Do I think this book is worth a read?  Most definitely I do.  You should come to your own conclusions about the theme and the work.


Thursday, March 15, 2012

The Night Circus

The Night Circus by Erin Morgenstern was a hot book in 2011.  So hot, in fact, that getting it from the library was next to impossible.  I, however, managed to get in line for the ebook and behold!  I finished this beautiful little piece of work off while on a business trip last week.

A circus appears in an undisclosed location virtually overnight, and it is only open from sundown to sun-up.  The magic of the circus--the illusionist, the bonfire, the flying kittens, the contortionist--are all contained within the incredible maze that makes up this black and white confection.  What makes this circus tick?  How does it exist?  And most importantly--how does it happen?

All of these questions are answered, or so you think they will be, in this beautiful book.  It was definitely worthy of the praise it has received, and it was a lovely and engaging read.  I even want to use the word "magical" to describe it as cliche as that sounds.  It is a love story in several veins--love with other people, love of parents and siblings, and love of the circus itself.  In no way, though, is this book sappy.  It is beautifully constructed and and a lovely, lovely, lovely story.

I felt just so happy when I "closed" this book (it was an ebook, so I really just pressed the "home" button).  I wanted to sit still and let the happiness and love I felt when finishing just wash over me.  The sign of a great book?  One might say so.

Tuesday, March 13, 2012

The Price of Everything

The Price of Everything: Solving the Mystery of Why We Pay What We Do by Eduardo Porter hit my itch for a nonfiction learning piece.

Why do we pay what we do--for everything?  What is the cost of human life as established by governments or by insurance companies?  What is the cost of living, depending on where you live in the world, and how does that effect the value of our lives?  Why are we willing to spend $5 on a latte from a company that is a few miles away from a closer coffee shop--where the latte is $4?  All of these important thoughts sum up in a nutshell the questions that Porter asks.

I enjoyed this book thoroughly as I often enjoy psychologically-based pieces that teach me something about the way I, and in turn the world, work.  I found the peculiarities of so many people I know and so many I don't to be easy to relate to--because I have made similar choices.  It's a little satisfying to know that the more things change, the more they stay the same.

Friday, March 9, 2012

The Dollhouse Murders

The Dollhouse Murders by Betty Ren Wright was one of my favorite books growing up, and I never realized until I re-read it recently how much it shaped my worldview.  It had a profound effect on my love of dollhouses, it piqued my interest in (and now love of) crime stories, and it introduced me to microfiche.  True story.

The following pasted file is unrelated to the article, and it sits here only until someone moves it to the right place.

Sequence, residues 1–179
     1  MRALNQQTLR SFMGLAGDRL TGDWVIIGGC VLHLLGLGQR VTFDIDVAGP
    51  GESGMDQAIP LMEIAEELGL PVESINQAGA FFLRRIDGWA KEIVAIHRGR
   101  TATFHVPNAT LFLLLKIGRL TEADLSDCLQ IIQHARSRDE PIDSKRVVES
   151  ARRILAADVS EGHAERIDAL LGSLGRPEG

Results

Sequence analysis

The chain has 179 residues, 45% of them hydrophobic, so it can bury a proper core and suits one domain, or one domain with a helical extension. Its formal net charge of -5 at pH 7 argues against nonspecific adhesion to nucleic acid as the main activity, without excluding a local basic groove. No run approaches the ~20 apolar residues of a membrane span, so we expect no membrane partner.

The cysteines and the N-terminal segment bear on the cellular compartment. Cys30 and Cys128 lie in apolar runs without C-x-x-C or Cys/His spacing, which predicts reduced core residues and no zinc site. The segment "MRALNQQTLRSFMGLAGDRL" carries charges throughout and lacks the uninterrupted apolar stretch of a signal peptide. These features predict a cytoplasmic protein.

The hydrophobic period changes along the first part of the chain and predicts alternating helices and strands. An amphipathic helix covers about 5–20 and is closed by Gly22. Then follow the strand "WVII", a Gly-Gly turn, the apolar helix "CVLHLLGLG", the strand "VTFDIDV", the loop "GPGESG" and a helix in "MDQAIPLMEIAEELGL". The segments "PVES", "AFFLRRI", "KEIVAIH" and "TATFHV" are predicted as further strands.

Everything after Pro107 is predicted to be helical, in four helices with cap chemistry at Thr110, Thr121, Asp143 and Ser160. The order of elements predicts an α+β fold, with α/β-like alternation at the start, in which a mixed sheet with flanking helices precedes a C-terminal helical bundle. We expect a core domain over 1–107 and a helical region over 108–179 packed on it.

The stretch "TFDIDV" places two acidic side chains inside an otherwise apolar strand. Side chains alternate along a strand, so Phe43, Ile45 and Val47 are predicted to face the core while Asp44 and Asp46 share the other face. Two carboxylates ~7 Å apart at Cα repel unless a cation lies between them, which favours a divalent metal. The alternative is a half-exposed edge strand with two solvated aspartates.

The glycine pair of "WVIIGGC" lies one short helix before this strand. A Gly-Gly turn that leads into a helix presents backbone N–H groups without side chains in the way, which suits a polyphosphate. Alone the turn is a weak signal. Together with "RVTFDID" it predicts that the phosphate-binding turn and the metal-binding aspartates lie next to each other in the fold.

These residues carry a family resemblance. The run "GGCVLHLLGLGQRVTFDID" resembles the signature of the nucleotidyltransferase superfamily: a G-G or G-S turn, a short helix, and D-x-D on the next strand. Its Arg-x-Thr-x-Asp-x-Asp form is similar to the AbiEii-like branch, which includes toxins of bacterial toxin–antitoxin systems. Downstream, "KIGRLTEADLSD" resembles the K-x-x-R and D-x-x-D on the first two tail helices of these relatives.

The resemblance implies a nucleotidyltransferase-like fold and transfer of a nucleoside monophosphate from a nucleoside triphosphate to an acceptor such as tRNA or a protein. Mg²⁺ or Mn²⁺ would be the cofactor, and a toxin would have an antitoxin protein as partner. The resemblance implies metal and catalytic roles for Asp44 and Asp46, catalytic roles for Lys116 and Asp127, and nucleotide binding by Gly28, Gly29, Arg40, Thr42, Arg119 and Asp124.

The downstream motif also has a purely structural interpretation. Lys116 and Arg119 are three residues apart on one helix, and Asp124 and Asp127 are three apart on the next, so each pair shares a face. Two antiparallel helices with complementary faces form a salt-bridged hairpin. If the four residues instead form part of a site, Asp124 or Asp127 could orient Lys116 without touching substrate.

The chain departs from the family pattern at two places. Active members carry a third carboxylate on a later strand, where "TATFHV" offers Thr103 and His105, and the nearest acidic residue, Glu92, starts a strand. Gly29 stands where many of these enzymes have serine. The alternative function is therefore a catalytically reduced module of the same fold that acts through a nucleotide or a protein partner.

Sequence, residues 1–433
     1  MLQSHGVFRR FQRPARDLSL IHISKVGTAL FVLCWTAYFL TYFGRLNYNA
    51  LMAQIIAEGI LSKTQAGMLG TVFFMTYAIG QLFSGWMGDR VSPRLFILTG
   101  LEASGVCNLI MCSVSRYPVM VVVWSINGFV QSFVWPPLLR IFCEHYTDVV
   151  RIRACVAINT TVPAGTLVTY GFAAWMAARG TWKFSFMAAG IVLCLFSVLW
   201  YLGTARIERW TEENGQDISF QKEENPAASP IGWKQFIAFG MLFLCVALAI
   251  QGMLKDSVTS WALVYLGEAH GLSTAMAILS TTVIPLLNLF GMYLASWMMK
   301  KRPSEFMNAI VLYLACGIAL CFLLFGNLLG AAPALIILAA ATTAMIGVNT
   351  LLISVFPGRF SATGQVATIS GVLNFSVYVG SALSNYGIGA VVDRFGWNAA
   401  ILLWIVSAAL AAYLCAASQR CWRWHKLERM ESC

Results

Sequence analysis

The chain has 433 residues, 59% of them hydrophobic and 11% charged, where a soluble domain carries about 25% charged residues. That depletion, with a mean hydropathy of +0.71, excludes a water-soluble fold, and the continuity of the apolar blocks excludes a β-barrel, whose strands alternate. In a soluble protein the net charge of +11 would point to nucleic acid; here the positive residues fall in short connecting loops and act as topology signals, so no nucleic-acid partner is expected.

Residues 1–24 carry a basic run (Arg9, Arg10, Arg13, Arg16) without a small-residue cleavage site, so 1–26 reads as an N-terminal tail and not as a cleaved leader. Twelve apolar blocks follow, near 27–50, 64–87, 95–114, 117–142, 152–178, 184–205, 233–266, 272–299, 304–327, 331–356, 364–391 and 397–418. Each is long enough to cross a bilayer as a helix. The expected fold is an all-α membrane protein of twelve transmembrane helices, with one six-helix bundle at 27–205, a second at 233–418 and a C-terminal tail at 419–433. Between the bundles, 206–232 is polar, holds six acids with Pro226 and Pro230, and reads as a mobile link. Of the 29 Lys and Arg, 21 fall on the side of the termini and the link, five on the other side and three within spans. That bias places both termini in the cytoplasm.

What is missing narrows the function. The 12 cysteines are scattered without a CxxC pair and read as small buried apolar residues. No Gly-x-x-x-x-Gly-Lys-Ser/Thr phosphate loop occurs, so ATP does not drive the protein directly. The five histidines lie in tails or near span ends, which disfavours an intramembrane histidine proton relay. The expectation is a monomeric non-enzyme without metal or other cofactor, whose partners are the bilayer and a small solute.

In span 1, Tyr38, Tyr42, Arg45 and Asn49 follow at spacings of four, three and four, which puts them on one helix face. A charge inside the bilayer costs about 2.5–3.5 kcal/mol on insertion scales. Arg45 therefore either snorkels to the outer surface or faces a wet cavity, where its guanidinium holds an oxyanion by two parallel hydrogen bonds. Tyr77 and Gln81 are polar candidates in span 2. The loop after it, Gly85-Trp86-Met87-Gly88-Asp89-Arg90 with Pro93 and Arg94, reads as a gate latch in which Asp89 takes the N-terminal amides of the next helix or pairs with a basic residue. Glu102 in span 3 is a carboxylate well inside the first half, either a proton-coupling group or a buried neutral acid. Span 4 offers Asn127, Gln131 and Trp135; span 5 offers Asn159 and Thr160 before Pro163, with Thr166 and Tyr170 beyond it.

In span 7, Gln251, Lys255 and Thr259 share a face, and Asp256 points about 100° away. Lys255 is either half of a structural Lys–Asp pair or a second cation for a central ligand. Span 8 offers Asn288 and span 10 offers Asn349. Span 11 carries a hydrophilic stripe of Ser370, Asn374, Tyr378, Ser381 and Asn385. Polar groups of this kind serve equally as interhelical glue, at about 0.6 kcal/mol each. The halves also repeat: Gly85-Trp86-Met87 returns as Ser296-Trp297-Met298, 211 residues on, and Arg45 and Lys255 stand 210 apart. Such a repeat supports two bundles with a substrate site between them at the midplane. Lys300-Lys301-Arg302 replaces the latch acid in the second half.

Amy Treloar is a young woman of middle school age who feels the world is against her.  She has to take care of her mentally-challenged sister whom she feels has affected friendships with girls her age.  It doesn't help that she feels her mother is constantly disappointed in her and that her sister gets the attention in the family.  When Amy's aunt, Clare, offers for Amy to come spend a week with Clare while she cleans out her grandparent's home (Amy's great grandparents), Amy jumps at the chance.  While there, Amy discovers Clare's old dollhouse where the dolls suspiciously move themselves.  After a little investigation at the library, Amy discovers her great grandparents were murdered and it was never solved.  Are the dolls trying to tell her something?  Can they point Amy to what really happened that night?

This description is quite long because I genuinely love this book.  I remembered it being super long and it taking me forever to read.  Then it came in the mail at 149 small pages at 14 point font, double spaced.  How our memories work, I guess. 

I have loved books for as far back as I can remember, and there is a small cannon that made me fall in love with the art of stories.  I am glad to say that this book was one of them, regardless of how hokey it can be at times.  I ordered an old copy of this just to keep on my shelf, because it makes me smile to read it again and again when I need a pick-me-up.  We all need a little of that in our lives.


Monday, March 5, 2012

Anatomy of Injustice

Anatomy of Injustice: A Murder Case Gone Wrong by Pulitzer Prize-winning Raymond Bonner who is sure to be considered for yet another with this glorious piece of work.

Anatomy investigates in depth the case of Edward Elmore, a man convicted of and sentenced to death for the rape and murder of an elderly woman in 1982.  The only problem is he didn't do the crime, but once a person has been convicted and sentenced to death it is near impossible to overturn the verdict even with physical evidence proving innocence.  This piece takes us through the crime, the conviction, and the years of appeals by Elmore's lawyers to just simply get him off death row--and to prove his innocence.

I could not put this book down.  It is no secret that I am wary of the death penalty for many reasons, and I thought this book would educate me further on the process of appeals.  It did more than that--it angered me and it roused my sense of injustice to a point where I want to go to law school and fight this myself.  Bonner has clearly spent a great deal of time researching this case and putting his heart and soul into this book, and it shows in the detail and in the arguments.  He doesn't argue against the fact that most people on death row are, in fact, guilty of their crimes--however, there are those on death row who never got a fair chance to begin with.  Elmore, being black and intellectually slow and one who wishes to please, didn't have a chance in court against a small Southern town and judges who need to get reelected.

I think you need to read this book--and you, and you, and you, and you.  Bonner's argument against the death penalty is not that there are men and women who don't deserve, but rather that we are humans who are flawed and therefore can't justifiably administer this punishment without bias and with a clear head.  Read it for yourself and make your own judgment--and let's chat.  Because this is a book that requires a coffee date and in-depth discussion late into the evening.